Understanding your personal injuries and damages
In personal injury law, the wrongdoer (the law calls him a "tortfeasor"- we usually call him the "bad guy") is responsible for all of the injuries caused by his negligence or other unlawful conduct. If you are injured as a direct result of the bad guy's conduct, you are entitled to be fully compensated for all the injuries that you suffered. The goal is to make the injured party "whole." That is, the purpose of monetary compensation is to try to restore you and your family to the position that you were in before your accident. This compensation is to fix things that are fixable, improve things that are improvable and make up for things that can be neither fixed nor improved.
Once it is clear that the bad guy is at fault, an experienced personal injury lawyer can help you fully identify and understand your injuries. Your law firm will obtain and review your medical records and talk with you, your family, perhaps co-workers and even your physicians to fully understand your injuries and how they have affected your life. We have learned that sometimes co-workers or neighbors give the best insight into the impacts on a person. Using prior experience with similar cases, your lawyer is often able to make an estimate of the range of dollar amounts a jury could award.
In recent years, insurance companies, their lobbyists and corporate interests have put forth a great deal of propaganda that casts personal injury victims and their lawyers in an unfavorable light. They do this purposely to bias potential jurors against injured people and in favor of the people and insurance companies they have to sue. Often, the media exacerbates this problem by highlighting bizarre or rare multi-million dollar cases. This creates the mistaken perception that most people pursuing personal injury claims receive unjust windfalls, or do not entirely deserve the compensation they receive. Nothing is further from the truth. In reality, most people injured by careless bad guys are hardworking Americans who just happened to be in the wrong place at the wrong time.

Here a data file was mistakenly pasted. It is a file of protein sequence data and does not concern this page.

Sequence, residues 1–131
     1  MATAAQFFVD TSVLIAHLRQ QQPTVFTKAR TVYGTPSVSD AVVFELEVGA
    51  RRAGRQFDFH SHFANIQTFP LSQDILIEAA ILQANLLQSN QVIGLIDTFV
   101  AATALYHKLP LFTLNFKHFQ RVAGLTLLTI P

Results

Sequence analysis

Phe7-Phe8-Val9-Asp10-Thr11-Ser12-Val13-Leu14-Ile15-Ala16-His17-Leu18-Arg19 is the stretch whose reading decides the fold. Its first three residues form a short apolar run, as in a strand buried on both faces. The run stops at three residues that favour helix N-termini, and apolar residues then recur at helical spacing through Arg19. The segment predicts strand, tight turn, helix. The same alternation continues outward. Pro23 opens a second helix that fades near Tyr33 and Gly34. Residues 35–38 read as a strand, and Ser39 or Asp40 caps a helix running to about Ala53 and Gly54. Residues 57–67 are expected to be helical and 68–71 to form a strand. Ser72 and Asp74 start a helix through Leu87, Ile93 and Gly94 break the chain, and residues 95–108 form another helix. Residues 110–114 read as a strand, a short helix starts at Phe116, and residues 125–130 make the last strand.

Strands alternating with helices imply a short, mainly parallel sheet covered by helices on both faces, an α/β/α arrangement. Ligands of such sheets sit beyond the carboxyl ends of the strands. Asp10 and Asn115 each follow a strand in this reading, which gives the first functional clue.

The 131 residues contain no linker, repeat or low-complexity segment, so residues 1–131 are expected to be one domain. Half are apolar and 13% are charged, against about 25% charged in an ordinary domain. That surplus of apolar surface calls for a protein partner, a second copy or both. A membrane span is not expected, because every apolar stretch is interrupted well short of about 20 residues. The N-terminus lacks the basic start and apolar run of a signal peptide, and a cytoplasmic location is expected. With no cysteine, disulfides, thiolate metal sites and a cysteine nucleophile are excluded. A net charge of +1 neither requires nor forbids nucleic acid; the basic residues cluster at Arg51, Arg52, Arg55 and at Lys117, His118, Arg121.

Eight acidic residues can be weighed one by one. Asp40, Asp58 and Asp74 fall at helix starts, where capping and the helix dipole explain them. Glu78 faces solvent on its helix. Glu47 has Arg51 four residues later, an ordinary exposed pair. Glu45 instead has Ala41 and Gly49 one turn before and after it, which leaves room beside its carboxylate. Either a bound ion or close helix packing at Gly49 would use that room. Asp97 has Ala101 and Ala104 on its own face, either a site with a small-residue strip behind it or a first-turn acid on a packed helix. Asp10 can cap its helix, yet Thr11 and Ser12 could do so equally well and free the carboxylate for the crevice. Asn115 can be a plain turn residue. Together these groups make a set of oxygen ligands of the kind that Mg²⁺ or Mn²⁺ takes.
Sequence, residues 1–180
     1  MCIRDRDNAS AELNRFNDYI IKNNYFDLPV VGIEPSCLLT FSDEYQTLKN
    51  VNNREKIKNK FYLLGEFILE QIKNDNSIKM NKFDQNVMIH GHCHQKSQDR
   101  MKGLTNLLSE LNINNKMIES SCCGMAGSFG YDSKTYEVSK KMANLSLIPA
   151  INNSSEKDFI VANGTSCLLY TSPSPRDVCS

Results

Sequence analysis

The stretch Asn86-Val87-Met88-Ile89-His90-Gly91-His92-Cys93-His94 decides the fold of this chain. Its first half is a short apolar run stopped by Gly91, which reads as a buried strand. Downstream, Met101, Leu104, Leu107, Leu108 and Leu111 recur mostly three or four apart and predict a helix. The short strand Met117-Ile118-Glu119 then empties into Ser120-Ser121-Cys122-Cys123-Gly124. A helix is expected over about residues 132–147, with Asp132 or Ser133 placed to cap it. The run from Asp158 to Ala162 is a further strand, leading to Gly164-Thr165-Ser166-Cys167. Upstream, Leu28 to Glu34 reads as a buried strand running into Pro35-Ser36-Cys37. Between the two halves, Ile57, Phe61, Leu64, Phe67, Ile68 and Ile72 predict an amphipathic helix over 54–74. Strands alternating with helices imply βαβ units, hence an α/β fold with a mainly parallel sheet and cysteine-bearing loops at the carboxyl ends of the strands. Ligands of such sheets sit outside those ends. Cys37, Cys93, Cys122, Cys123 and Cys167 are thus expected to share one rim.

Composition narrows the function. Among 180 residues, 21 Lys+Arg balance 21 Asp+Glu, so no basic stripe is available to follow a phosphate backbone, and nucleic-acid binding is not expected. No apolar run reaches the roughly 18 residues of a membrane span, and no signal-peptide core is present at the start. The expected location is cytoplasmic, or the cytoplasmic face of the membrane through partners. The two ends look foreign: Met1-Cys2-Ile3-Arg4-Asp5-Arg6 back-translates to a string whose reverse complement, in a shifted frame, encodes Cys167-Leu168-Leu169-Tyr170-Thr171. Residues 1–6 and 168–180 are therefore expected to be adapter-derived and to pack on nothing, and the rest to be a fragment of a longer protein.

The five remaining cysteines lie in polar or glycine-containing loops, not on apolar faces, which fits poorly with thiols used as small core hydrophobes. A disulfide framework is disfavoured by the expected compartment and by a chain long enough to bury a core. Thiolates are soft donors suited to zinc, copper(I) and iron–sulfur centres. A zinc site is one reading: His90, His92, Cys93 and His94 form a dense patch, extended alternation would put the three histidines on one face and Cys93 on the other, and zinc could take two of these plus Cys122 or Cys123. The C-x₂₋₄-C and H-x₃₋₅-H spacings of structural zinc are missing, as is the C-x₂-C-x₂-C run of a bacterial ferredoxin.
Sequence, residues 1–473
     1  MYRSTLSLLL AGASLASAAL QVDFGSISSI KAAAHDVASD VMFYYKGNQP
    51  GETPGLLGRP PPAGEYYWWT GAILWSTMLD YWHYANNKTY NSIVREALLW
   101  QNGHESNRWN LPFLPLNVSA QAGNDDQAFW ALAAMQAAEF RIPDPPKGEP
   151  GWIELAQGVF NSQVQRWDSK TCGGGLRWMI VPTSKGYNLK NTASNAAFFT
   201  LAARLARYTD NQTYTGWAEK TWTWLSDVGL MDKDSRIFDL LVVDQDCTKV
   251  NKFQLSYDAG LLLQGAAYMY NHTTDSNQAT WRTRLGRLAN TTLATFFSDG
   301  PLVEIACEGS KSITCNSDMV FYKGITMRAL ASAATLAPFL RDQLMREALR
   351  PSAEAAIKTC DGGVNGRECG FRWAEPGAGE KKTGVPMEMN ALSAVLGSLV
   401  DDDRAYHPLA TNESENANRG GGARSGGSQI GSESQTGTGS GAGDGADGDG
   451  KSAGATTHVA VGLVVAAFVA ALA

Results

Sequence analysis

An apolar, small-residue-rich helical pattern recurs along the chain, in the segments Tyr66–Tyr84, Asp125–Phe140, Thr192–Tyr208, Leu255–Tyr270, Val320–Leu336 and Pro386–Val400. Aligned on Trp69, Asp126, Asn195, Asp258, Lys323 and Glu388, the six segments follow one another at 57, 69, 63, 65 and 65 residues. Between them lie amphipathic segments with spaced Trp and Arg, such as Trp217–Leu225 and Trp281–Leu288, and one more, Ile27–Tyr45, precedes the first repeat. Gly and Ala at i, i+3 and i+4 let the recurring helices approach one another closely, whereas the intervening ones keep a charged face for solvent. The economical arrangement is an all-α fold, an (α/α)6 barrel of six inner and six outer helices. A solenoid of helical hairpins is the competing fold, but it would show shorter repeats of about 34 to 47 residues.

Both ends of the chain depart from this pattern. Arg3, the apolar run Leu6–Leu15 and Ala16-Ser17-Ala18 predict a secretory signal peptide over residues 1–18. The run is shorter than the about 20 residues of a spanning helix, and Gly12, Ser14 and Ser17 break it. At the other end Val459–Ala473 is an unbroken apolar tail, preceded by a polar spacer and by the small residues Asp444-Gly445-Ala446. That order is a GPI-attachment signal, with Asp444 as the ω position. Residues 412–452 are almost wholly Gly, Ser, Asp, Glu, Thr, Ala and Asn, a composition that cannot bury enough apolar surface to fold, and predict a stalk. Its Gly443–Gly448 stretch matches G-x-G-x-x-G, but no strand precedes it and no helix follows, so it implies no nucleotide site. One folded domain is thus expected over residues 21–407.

Proving Your Injuries Can Prove Your Claim
Sometimes, understanding your injuries can actually help prove your case. We are familiar with a case where a nine-year-old boy was hit by a car while running back across the street from an ice cream truck. The driver of the car claimed that she was not at fault and that the boy had simply run into the side of the car. Even the investigating police officer took the driver's word and decided the little boy was at fault. There were no other witnesses.
However, thanks to the experienced personal injury lawyer the boy's family consulted, that was not the end of the investigation. The lawyer investigated and researched the particular type of leg fracture the boy had. To make a long story short, the lawyer was able to prove, using medical and scientific evidence and testimony, that the only way the injury could have occurred was if the car had hit the boy, as opposed to the boy running into the car. By fully understanding the injuries in the case, the lawyer was able to turn a claim denied by the insurance company into a substantial recovery to provide for the boy's future.
Follow Through With Your Doctors